Make the world your classroom: Public Engagement Network
By Briony Fleming, on 15 May 2018
On the 25th April, together with the Arena Centre, the Public Engagement Unit hosted their most recent network meeting. The event was focussed on Public Engagement in the curriculum and we heard from a range of speakers outlining their experiences of trying to embed engagement work in their teaching.
Gemma Moore presented her experiences designing and delivering a completely new engagement-centred core module as part of the Health, Wellbeing and Sustainable Buildings. She spoke of being influenced by Colin Ward’s 1973 work ‘Streetwork: the exploding school’ which explored teaching beyond the classroom and looking at the urban environment around us as a perfect location for learning in and from. Gemma’s module worked with students on a project measuring noise-pollution in communities around Heathrow. Supporting them to undertake work with local communities to inform their approaches, she noted the need for there to be departmental support and a recognition of the time it takes to embed engagement in the curriculum in this way, but highlighted why this approach matters to students and the positive impact it will have on their post-university careers.
We also heard from Thomas Kador, senior teaching fellow in UCL Culture, who spoke on co-producing public facing modules. He highlighted how his student struggled with the idea of a ‘notional’ audience and then his approach to give them a real one to work with (and the wider practical and ethical issues this raises). Whilst highlighting the clear benefit to students in this type of work he raised the issue of how the public audience benefit and the ‘real-world’ value of what is created. How do we ensure it is not a ‘rent-a-crowd’ approach but rather how engagement in the curriculum can build in reciprocity, and noting the additional time and resources this takes?
Manni Bhatti also highlighted the appeal to students of working on something that has explicit ‘real-world’ impact, speaking of her experience working on integrated engineering challenges which connected students in the UK and Chile to solve issues resulting from the earthquake there. Students, she feels, become quickly forgetful of public impact if not working directly with the public. Like Thomas, she noted the connected curriculum as a way of engagement work taking place, but stressed the need for top-down buy in to make this happen departmentally.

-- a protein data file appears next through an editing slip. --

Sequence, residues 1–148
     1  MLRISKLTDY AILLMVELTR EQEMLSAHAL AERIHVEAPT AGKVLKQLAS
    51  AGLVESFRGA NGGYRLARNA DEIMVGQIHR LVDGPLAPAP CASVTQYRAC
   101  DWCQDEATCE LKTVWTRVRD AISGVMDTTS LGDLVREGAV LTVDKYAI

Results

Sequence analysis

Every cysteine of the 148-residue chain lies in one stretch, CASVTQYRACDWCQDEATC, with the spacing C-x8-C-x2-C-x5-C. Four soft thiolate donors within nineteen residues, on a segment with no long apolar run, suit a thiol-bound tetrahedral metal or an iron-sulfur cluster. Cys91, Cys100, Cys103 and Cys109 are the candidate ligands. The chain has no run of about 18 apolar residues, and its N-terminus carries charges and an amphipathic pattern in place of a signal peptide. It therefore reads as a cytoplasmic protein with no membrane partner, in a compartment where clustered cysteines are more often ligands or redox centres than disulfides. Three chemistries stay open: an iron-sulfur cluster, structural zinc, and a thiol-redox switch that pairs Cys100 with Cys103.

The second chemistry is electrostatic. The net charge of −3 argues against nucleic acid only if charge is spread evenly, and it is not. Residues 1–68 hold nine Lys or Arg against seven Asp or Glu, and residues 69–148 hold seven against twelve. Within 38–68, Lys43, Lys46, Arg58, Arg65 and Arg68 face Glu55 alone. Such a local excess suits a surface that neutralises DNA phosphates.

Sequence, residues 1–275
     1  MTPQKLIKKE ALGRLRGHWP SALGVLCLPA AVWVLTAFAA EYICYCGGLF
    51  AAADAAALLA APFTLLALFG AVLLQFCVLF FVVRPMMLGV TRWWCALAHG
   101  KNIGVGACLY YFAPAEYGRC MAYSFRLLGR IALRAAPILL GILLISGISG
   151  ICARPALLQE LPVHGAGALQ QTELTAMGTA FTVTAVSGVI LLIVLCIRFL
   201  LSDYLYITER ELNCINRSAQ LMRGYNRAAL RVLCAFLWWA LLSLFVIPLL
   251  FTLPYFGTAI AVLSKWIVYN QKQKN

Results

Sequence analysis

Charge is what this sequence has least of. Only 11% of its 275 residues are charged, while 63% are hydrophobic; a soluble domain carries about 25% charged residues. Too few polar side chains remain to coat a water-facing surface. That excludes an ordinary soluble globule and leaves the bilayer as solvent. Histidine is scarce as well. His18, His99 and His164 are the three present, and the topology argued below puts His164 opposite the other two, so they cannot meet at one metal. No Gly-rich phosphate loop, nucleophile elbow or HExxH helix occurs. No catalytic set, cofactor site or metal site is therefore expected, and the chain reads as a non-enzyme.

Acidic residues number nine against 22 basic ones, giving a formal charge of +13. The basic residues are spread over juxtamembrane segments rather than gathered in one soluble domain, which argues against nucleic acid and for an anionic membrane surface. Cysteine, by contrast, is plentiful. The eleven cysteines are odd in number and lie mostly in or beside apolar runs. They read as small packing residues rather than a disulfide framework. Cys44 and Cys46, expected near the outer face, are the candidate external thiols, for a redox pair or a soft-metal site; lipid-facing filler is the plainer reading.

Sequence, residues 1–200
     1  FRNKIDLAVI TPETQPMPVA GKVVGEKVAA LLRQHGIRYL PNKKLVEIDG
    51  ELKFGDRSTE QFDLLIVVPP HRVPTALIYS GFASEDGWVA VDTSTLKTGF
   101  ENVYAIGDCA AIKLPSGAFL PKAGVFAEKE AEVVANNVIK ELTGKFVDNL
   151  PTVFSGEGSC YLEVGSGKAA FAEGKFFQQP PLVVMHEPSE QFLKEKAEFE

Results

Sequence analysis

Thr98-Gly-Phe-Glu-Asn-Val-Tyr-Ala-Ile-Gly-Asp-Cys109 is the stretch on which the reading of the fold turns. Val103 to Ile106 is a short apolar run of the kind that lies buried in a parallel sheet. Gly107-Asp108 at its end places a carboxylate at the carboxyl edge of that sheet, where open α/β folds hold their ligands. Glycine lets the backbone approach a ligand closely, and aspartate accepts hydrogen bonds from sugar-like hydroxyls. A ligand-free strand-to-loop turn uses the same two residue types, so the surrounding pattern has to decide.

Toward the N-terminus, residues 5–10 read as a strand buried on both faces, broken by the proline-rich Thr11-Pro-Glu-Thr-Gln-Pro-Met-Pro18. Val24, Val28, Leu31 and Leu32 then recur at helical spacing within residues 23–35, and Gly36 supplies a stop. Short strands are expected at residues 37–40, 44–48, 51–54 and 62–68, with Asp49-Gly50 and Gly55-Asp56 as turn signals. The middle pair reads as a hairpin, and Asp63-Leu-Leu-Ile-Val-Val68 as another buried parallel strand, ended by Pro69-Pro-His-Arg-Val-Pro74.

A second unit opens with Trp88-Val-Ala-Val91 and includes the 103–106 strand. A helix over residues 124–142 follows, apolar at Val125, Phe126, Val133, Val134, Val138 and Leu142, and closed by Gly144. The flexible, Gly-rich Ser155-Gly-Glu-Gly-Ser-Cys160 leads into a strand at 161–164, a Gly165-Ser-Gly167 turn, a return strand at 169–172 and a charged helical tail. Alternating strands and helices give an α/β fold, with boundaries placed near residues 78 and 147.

Finally we heard from Nick Grindle from Arena, who told us about the approach in the USA of service learning ‘Capstone’ projects and his feeling that this approach was likely to grow in the UK. He said “raw Public Engagement at a university level, is really rare” but acknowledged the ways in which it supported good practice in teaching. He highlighted a key issue with engagement in the curriculum being that it is not measured; that it would always ‘fall off the list’ compared to other elements of teaching that departments are measured on.
The discussion that followed covered issues from generating departmental buy-in, to ensuring that engagement work is not tokenistic. We asked what would help embed engagement in the curriculum and had a range responses, from creating a searchable database of who to approach for support, to creating a map on where to go and what to do. We love to hear your opinions on what would help and so if you have any ideas please drop us a line: email@example.com.
You can also apply for our Beacon Bursary funding to help get things started.
UCL Public Engagement Network sessions bring together all kinds of people who are interested in public engagement: whether you’re an old hand or a complete novice please bring your experience and questions to what we hope will be lively, thought-provoking and participatory sessions.